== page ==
Too Many Cooks, Part 2 – And “Who Should Start/Finish”?

I would like to beat a dead horse – bare with me. Let me briefly revisit the Jack-Calderon-Turkoglu end-of-game combination, the final straw for me likely occurred a while back, but the “final final” straw occurred Tuesday night against the Lakers.

I would like to beat a dead horse – bear with me.

Let me briefly revisit the Jack-Calderon-Turkoglu end-of-game combination.
The final straw for me likely occurred a while back, but the “final final” straw occurred Tuesday night against the Lakers. With the game tied at 96 apiece, our infamous lineup was assembled to close out the game. Triano’s traditional defense to the media is that he likes having several ball handlers and shooters in these situations. The argument is based on the desire to protect the ball, have good ball movement and have the most effective scoring options. Our argument against is summed up best by the National Post’s Eric Koreen who simply said “too many cooks” in a tweet. So what happened in the last 5:45 minutes of the Lakers game with that lineup?


Our ball handling threesome combined for 2 costly turnovers, only 1 assist and shot 0 for 4 from beyond the arc – in almost six minutes of play. Chris Bosh made the lonely three (more than the others combined) and also had more assists than those three combined.

Statistically, it remains (well almost) the worst lineup. We just give up way too much on the defensive end as well as rebounding with this combination.

The lineup’s Defensive Rating is 126.1 (!!!) versus the team’s already brutal average of 112.5. The lineup’s defensive rebound % is 58.8%, well below the 66.4% of the average lineup. And to top it all off, the offensive rating is only a couple points better than average. Too many cooks indeed.

So who should start and who should finish?

With the embarrassing (due to lack of defensive effort) losses to Philadelphia and Sacramento, there is increased talk about shaking up the starting lineup – and why not, it cannot get much worse. Doug Smith hints that Calderon and Wright might replace Jack and DeRozan
I may be an idiot according to someone who’s opinion I have a ton of respect for, but here’s likely the best option (statistically) for the Raptors starting – given that I think (realistically) you need to have Turkoglu and Bargnani starting:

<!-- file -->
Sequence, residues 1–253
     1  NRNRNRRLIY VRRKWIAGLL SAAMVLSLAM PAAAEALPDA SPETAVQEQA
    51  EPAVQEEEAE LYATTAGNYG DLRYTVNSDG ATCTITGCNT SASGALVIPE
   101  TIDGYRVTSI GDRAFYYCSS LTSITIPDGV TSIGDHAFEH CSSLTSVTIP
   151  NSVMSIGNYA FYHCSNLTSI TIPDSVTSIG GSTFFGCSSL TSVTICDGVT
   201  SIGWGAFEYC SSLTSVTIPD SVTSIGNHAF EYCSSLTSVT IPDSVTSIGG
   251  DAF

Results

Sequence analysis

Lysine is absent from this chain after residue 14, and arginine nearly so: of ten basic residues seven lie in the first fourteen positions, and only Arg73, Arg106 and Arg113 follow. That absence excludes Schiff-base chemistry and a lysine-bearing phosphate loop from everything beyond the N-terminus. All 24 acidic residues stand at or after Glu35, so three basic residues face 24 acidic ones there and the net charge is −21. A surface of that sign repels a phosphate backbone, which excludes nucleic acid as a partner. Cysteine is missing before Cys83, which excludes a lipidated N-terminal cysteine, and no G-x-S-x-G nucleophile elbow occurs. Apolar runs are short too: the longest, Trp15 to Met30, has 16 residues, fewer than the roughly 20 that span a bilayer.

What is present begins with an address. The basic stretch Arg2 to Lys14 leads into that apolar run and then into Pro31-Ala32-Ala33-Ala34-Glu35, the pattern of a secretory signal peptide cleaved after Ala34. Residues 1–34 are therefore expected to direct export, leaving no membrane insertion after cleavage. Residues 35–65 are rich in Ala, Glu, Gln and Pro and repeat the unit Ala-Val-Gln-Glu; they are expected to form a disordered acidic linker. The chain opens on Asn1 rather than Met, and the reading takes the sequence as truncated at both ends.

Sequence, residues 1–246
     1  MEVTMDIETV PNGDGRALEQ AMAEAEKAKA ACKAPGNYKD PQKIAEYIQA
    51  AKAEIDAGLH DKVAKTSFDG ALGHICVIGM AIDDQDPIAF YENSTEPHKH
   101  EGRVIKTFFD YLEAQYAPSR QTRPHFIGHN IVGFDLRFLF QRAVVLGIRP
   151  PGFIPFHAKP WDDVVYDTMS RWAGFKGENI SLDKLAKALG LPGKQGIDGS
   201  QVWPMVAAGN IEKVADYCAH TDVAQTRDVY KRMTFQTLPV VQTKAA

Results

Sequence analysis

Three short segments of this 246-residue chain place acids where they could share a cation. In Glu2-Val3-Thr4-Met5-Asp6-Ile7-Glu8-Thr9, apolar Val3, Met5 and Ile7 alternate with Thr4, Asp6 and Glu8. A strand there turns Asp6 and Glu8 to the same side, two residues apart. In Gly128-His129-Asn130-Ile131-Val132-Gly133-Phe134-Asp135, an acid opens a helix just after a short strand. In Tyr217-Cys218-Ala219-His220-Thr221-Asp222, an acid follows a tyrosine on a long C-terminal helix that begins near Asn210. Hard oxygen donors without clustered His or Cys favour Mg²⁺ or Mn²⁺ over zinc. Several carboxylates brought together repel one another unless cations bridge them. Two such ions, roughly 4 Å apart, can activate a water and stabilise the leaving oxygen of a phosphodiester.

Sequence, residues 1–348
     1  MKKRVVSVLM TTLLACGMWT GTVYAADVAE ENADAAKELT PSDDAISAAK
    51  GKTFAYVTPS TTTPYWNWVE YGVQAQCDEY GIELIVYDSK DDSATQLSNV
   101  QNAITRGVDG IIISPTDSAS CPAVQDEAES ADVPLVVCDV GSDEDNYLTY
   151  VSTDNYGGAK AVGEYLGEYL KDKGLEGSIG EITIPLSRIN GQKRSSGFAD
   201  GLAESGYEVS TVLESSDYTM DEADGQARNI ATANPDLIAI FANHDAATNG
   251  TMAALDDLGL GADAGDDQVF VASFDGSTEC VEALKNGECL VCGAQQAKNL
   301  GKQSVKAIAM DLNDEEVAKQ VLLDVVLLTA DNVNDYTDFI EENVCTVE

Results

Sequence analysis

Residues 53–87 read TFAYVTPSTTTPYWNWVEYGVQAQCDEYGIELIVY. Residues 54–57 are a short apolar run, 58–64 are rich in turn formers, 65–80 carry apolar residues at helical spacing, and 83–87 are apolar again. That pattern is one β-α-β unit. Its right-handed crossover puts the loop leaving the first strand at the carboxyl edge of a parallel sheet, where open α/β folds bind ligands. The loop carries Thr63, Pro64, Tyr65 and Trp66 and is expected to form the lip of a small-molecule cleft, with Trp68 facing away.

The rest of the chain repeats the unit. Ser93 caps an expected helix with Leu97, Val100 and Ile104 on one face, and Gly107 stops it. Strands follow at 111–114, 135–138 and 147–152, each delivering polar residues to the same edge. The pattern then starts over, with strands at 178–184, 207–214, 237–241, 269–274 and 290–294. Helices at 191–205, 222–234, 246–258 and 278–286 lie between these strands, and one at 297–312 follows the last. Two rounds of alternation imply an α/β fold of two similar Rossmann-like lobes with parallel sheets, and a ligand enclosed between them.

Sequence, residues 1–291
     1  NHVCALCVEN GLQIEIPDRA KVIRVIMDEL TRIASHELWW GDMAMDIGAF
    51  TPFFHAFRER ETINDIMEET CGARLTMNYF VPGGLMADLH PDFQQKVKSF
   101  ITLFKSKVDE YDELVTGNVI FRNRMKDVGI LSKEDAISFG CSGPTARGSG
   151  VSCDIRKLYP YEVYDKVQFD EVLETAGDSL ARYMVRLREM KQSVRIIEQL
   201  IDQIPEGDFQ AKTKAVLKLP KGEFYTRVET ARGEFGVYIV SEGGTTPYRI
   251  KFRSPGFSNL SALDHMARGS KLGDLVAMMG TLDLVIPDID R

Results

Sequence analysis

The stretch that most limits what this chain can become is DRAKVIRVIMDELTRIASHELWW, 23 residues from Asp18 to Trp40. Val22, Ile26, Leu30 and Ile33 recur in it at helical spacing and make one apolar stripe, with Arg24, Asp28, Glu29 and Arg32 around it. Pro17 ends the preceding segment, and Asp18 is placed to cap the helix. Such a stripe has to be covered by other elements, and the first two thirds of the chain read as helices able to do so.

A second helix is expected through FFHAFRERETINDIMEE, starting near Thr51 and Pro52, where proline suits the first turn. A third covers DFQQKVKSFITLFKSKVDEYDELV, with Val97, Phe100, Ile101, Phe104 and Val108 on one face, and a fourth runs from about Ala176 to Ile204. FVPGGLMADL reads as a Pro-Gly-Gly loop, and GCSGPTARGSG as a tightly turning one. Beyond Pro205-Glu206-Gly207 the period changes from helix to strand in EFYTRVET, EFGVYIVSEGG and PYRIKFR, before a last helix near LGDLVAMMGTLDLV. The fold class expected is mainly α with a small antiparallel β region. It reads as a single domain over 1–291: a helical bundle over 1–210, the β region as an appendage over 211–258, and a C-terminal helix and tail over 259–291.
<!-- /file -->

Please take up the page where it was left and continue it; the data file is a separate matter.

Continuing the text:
Jack, Jarrett – Wright, Antoine – Turkoglu, Hedo – Bargnani, Andrea – Bosh, Chris

Statistically there’s a lot of noise, but this lineup is slightly better than one with Calderon starting. And, at the risk of using “common sense”, Calderon seems better suited coming off the bench. He also pairs nicely with Johnson.

Before I get roasted by defending Wright (well, I still will regardless)…

Besides what the numbers tell us, I prefer Wright for one key reason: we desperately need to improve our defense at the wings. And we need to match our best wing defender on our opponent’s best wing – who, of course, always starts. He improves the team’s defensive rating and offensive rebounding rate as well. Remember how well he guarded Kobe’s two last second shots (despite the fact Kobe made one)?
And yes, his PER is terrible. While hot in January, his eFG% has dropped significantly as of late. I’ve been known to shout at the TV at his poor shot selection.

So why have him start?! I’d try it for two reasons:

  1. It balances out our weaknesses in our starting lineup – and with four scorers, we shouldn’t be desperate for offensive production from him.
  2. You challenge him back.

It seems to me like there are two main ways to handle these comments by a player:

  1. Sit his butt at the end of the bench (usually preferred)
  2. Sit down with him before the game and shove it back at him “Okay, if you’re going to talk the talk, you’d better walk the walk. The intensity on defense is our biggest weakness. You can lead by example. You’re starting – back up your comments – the challenge is yours”

Inserting Wright into the starting lineup isn’t likely “the answer” but I believe it optimizes a tough situation (overall weakness at the wing). Triano should also communicate that he’s to limit his shots – and being with the offensive minded starting lineup, he won’t feel the need to force things.

Let’s be clear, none of our wings this year are standouts (Turkoglu included so far) – so how to we maximize them?

Politics and sensitivities exist – hence by view to continue to start both Turkoglu and Bargnani.
Mid-game I would want to see plenty of Calderon-Weems-DeRozan-Johnson-Bosh.
You have a balance of ball handling, athleticism, shooting, rebounding and defense.

But what about closing the game out?
This is, of course, situation dependent.
Close game or ahead:
Jack, Jarrett – Wright or Weems – Turkoglu, Hedo – Johnson, Amir – Bosh, Chris
Just enough cooks, just enough shooters, just enough defense and just enough rebounding
Bargnani should not play in this situation due to significant negative impact on rebounding and defense.

If significantly behind (and little time left):
Jack or Calderon – Belinelli, Marco – Turkoglu, Hedo – Bargnani, Andrea – Bosh, Chris

And finally – when you know you’re getting a timeout and can trade offense for defense and vice-versa:
Off: Jack or Calderon – Belinelli, Marco – Turkoglu, Hedo – Bargnani, Andrea – Bosh, Chris
Def: Jack, Jarrett – Weems, Sonny – Wright, Antoine – Johnson, Amir – Bosh, Chris

And finally, a “must read

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